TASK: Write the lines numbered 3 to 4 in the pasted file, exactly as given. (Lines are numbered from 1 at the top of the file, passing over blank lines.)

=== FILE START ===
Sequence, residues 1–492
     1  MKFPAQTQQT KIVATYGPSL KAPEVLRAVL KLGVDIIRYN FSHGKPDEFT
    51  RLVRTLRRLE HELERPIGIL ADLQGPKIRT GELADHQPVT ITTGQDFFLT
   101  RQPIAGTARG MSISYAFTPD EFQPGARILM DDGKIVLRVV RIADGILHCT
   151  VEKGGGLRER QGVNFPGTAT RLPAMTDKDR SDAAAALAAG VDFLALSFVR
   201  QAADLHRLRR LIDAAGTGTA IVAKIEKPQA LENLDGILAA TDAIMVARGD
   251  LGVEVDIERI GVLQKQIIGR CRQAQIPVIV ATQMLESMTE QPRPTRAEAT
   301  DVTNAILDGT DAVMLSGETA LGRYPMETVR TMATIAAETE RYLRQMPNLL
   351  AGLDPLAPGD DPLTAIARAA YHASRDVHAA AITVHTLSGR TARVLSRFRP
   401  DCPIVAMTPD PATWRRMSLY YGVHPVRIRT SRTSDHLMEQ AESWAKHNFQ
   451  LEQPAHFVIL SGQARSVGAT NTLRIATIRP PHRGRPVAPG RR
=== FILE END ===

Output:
    51  RLVRTLRRLE HELERPIGIL ADLQGPKIRT GELADHQPVT ITTGQDFFLT
   101  RQPIAGTARG MSISYAFTPD EFQPGARILM DDGKIVLRVV RIADGILHCT